Friday, July 25, 2008

B-boying with Canucks

Last Monday, I walked up the street from work and walked into a little dance studio, to take a beginner breakdancing class. I got there early, so I sat down and killed some time by crocheting, in my glasses and jeans.



People showed up in more elastic or loose clothes. Some of the others started stretching. Clearly, I wasn't prepared for this "beginner" class, with my big nerd glasses and jeans. To my relief, the class was very evenly split by gender. I love Toronto's diversity.

The instructor, who called himself "Dizzee," was exuding energy, because he just won a competition last weekend with one of the best Korean b-boy teams. Dizzee explained that real breakdancers call it "b-boying," not "breakdancing." He said he had been b-boying for about 14 years.

Dizzee was great, because he cared enough to talk a little bit about the history of breakdancing before we started learning any moves. He even explained how the different styles evolved from different regions. Brooklyn style has more poses, Queens demonstrates more poses, and the Latin influences added more fluidity to it. Today, he would teach us the Brooklyn style.

How great is it that I had to move from New York to Canada, to learn about a New York-based dance?



He started out pretty easy, with a basic side-to-side hop-step. He was pleased to see that the whole class was pretty good with rhythm. Then he had us throw in a drop to our knees on the last beat.

Then he actually taught us specific poses, explaining that b-boying was a lot about exuding confrontational confidence and stealing it from your b-boying opponent.

Pose #1: Picture the standard rapper pose, with the arms crossed, tilted head, and a laid-back furrowed brow or squinty eyes.

Pose #2: Stand with a wide stance and arms outstretched with the palms open. This is the more confrontational pose, as if to say, "So whatcha want!?" or "Bring it!"



Pose #3: Kneeling on one knee, with an arm loosely rested on the upper knee. It's propped up on one foot, not the ass, slightly upright but still relaxed. Like you just finished something and you're sayin. "That's right. I did that. And it was easy."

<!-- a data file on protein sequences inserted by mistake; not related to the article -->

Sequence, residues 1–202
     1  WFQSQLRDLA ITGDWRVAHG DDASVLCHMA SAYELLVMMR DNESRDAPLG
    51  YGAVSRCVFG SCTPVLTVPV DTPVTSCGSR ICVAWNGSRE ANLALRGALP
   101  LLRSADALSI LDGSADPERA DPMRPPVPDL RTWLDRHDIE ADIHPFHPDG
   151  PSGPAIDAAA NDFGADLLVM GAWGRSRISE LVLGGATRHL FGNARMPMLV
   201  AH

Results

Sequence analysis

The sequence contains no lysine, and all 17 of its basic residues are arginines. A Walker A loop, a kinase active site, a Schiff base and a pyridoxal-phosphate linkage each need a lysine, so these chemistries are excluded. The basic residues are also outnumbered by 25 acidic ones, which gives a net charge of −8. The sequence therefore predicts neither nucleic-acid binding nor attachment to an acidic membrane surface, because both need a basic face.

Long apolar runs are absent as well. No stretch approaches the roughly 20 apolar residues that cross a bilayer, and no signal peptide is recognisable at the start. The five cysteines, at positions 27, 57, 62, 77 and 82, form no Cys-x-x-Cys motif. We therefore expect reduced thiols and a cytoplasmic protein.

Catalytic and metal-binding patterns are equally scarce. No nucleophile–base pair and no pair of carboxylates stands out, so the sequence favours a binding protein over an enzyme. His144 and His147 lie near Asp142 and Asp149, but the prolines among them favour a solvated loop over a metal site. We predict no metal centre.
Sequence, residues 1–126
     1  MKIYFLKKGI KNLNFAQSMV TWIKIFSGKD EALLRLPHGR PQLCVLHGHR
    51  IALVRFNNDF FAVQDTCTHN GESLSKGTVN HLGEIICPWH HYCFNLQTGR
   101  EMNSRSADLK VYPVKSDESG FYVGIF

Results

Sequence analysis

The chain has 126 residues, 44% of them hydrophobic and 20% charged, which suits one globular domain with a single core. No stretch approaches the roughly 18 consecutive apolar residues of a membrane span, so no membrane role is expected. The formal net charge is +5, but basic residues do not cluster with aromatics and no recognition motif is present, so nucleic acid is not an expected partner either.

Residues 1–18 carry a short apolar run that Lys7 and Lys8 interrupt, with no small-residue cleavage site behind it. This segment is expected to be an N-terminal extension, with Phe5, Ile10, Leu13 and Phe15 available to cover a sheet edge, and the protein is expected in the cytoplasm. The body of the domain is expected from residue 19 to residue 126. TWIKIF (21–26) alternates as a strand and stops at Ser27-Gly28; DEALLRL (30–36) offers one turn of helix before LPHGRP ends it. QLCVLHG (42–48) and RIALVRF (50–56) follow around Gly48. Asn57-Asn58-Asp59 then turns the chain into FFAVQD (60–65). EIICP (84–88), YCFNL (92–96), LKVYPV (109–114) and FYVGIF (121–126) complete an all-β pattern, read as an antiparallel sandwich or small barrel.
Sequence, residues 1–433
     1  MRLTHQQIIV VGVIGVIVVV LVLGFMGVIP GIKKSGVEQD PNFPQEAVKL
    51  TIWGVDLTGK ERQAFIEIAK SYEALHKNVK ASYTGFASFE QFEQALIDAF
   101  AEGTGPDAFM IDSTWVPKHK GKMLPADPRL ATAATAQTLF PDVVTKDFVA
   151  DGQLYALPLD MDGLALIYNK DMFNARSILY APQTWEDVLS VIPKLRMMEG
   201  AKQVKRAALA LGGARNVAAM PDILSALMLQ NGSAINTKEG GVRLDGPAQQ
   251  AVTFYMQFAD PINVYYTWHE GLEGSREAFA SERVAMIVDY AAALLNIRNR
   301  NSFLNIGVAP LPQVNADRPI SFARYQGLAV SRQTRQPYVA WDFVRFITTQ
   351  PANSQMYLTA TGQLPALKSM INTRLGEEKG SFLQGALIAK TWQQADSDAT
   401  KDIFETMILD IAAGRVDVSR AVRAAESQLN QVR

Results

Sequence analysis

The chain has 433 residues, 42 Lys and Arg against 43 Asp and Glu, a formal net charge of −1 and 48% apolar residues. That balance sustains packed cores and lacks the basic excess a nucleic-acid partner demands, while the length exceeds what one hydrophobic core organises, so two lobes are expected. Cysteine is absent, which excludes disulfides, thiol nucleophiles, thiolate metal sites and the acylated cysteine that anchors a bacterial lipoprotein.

He said we should end every performance with one of these poses to make it look that much more powerful.

I am not the most competitive person, nor am I very confrontational. So maybe this was a good mental exercise for me. But mostly I was highly amused with the whole situation.

Then he basically taught us a basic shuffle, which is a lot like that Russian kick dance. Uh oh. I just saw an episode of "So You Think You Can Dance," in which Nigel (a judge) commented on how impressed he was when the dancers pulled off those difficult Russian dance kicks. But... these were very physically fit, trained dancers. So.... how am I supposed to pull off these shuffle-kick moves?



We did a few of these, propped up on our hands. Then we tried it with just one hand. Then we alternated hands. Never have I sweat so badly... in my life!

Then he taught us how to turn this shuffle, by shifting to face the floor, like a push-up, while crossing your legs to the beat. First to the left, then to the right.

The a/c wasn't very good, so by the second break, I was about to pass out. I foolishly had no water with me, but I did take a swig of root beer that I had with me. I realized that my whole shirt was soaked in sweat! You have to realize, that I don't sweat much. I probably break a sweat mayyyybe 10 days out of the year. So the soaked shirt was a little shocking. And the sweat was fogging up my glasses, like the nerd that I am.

Toward the end, he had us try freezes. Basically you position your elbows toward your stomach and balance your whole body off the ground, held up on just your hands... and maybe your forehead. This is tricky for us ladies, because the boobs get in the way, even if they aren't even that big!



Then he taught us to do freezes on our sides. I started to get the hang of this, but my wrists felt like they were going to break off, and I didn't feel like smashing my face into my glasses, so I stopped. Aaaand I am old and feeble. Dizzee was very encouraging, saying we all seemed to be getting it. He said he was impressed, because it took him forever to accomplish his first freeze.

And then to be nice, he taught us the easiest freeze, in which you roll backward and prop your back up with your arms in a semi-headstand. Phew, I could handle that!

Finally, he had us use everything we learned, by practicing it all from beginning to end, like a BATTLE. He split us up on two sides of the room. One side went through all the moves first, and then we took our turn. I was thankful, because that meant I had a few minutes to regain some semblance of strength.

I tried to ignore my fatigue and fumbled through all the moves, with my jeans falling off and probably exposing my underpants (like a real b-boy, right!?!?). But I did do it to the beat and ended with the "bring it" pose. We high-fived our opponents and ended class. I ran out to catch the streetcar home, where I promptly returned to crocheting, quietly beatboxing under my breath, as the b-boy beat remained in my head.

I was relieved and amazed that I made it to the end of class! And it was painful, but it was also a lot of fun! Of course, I felt like a cripple the next day and it hurt to take any stairs for the next three days. We'll see if my muscles recover in time for next Monday's class. If I go again, I'll drop the glasses. But I will still be the nerdiest b-girl ever.

Ducky image by cool_colonia4711
Kitty image from The Fuzzy Squid.
Rapper kid image by monitorpop
So You Think You Can Dance from Fox.com
Freeze image by Peter Tsai Photography

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1 Comments:

Anonymous Marmi said...

I wish they would offer that at 24 Hour Fitness!

3:21 PM  

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